9-11 Review of ~Ground Zero and Beyond~ by J.P. McCarthy
edited: Thursday, September 11, 2003
By Dan Shaurette
Posted: Thursday, September 11, 2003
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On this day of mourning and rememberance, I felt it was a good day to share my review of an excellent novel by J.P. McCarthy entitled GROUND ZERO AND BEYOND.
Today marks the second anniversary of the tragic terrorist attacks that leveled the World Trade Center and scarred the Pentagon. The terrorists succeeded in killing thousands of people. They also succeeded in awakening the American people to the very real menace that rules the Middle East. They also succeeded in raising the level of patriotism and heroism that is only continuing to rise.
Yes, the terrorists succeeded in changing America on September 11, 2001. Our war on terrorism is a constant topic of the news media. But the focus seems to have shifted from finding the Al-Qae'da terrorists and their leader Osama bin Laden, to trying to liberate Iraq and Afghanistan and seeking Saddam Hussein. More American soldiers have lost their lives since the main battles of combat were declared over than were lost when it was in full force. Now, the President is asking Congress to set aside $87 Billion for continuing the war on terror and rebuilding Iraq and Afghanistan.
The question that crosses the minds of most Americans now is, "What about Osama bin Laden, the al-Qae'da, and the Taliban?" Two years have passed and we still don't know where bin Laden is, if he's dead, or if his organization has more terror planned for us. How were four planes successfully hijacked to be used against us? Did anybody in any branch of the U.S. government know anything about their plans? Is there any proof linking the key players together?
All of these questions are expertly woven together and answered in a fantastic tale of espionage and heroism by author J.P. McCarthy. His first novel GROUND ZERO AND BEYOND tells the story of forensic dental expert and Vietnam Army Ranger Patrick Murphy, who's called to Manhattan after the tragedy to lead the dental ID unit in their massive undertaking of identifying those who did not survive.
Murphy discovers a unique denture that was custom designed for the purpose of concealing a micro diskette with critical instructions for the al-Qae'da trained terrorists to not only execute their Sept. 11th attacks, but gave details about further plans to come. This disk was naturally sought by many organizations, as it was the vital evidence needed to prove who was behind the attacks.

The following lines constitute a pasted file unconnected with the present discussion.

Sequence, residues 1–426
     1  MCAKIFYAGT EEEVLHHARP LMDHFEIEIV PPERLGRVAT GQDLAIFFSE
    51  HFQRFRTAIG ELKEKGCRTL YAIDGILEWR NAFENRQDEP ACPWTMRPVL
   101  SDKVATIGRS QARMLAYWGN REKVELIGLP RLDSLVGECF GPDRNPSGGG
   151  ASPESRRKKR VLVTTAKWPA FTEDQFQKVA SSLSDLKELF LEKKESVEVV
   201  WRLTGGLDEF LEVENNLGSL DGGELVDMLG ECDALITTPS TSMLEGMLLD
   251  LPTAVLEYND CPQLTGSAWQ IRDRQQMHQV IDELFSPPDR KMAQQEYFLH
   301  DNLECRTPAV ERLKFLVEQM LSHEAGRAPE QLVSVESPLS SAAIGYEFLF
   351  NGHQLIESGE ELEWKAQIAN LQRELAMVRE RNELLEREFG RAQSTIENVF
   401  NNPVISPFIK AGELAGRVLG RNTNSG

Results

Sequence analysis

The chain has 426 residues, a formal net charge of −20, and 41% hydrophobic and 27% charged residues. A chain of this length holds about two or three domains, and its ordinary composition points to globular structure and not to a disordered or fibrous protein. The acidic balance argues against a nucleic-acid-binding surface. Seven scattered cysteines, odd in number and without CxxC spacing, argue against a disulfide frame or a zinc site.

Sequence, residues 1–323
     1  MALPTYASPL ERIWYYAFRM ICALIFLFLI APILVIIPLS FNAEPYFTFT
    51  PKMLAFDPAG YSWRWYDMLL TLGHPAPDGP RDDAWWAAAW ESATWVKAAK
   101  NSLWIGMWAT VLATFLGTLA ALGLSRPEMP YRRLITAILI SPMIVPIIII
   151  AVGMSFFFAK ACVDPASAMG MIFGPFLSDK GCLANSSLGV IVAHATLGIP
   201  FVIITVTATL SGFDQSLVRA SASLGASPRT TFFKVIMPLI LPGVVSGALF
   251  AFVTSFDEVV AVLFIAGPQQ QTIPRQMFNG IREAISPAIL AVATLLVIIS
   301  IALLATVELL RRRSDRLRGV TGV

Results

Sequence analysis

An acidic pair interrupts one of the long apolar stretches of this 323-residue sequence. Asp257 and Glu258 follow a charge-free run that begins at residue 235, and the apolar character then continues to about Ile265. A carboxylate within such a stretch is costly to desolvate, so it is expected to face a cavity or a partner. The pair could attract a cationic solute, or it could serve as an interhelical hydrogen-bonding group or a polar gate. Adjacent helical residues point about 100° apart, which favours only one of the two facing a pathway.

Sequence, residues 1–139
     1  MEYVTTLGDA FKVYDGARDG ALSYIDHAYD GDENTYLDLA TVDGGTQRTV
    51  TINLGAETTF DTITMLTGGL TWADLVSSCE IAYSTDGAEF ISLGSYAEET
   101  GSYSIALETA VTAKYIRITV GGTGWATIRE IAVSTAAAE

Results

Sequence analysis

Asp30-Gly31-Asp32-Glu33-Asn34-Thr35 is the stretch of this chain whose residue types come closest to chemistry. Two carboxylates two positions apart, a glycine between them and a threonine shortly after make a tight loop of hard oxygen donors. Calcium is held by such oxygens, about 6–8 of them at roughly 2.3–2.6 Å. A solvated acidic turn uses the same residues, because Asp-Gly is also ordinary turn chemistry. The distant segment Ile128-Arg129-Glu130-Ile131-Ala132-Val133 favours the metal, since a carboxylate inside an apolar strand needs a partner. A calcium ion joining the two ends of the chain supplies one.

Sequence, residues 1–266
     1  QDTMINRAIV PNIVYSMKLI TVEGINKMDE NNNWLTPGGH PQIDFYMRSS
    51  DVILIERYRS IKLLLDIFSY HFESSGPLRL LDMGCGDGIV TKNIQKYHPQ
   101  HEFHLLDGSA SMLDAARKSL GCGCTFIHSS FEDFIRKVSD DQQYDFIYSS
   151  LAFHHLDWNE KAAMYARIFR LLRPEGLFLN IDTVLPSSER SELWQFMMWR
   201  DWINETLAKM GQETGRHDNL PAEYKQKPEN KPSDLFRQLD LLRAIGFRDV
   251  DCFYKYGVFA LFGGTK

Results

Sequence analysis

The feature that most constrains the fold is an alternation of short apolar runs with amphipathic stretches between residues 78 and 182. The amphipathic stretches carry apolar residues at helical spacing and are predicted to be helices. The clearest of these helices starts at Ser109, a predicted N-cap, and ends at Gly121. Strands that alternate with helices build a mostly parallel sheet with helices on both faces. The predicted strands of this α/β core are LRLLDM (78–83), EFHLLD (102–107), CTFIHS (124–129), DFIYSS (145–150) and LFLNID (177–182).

Fate brings Murphy back into a working and romantic relationship with a former flame, Marion Masterson, who set up the computer center of the makeshift identification facility. She is the only one Murphy can trust to help discover the contents of the disk. Once they do, they realize that al-Qae'da, the Israeli Mossad secret service, and even traitorous FBI agents are after them to recover the disk.
All of this builds to a fevered pitch as Murphy pits his patriotism and personal desires to exact revenge versus his fears and doubts from his Vietnam experiences and the desire to be with his new love who's life is in danger.
The author brings his own military and medical experience directly into the book and this evident throughout. His writing style grips the reader because the characters and events are so real you hope they will unravel the mysteries that are buried at Ground Zero and beyond.
I myself am not an avid reader of espionage books of such writers as Clancy. I normally read fiction that takes you away to a fantasy world for escape; where the goal is to make the unreal believable. But McCarthy's book takes a tragic reality and brings a wonderful chance for hope and inspiration. Though this book is fictional, you can't help but want it to be true . To me, that is the mark of an excellent writer. I am most definitely looking forward to the second Murphy novel, MURDER ON THE GREEN.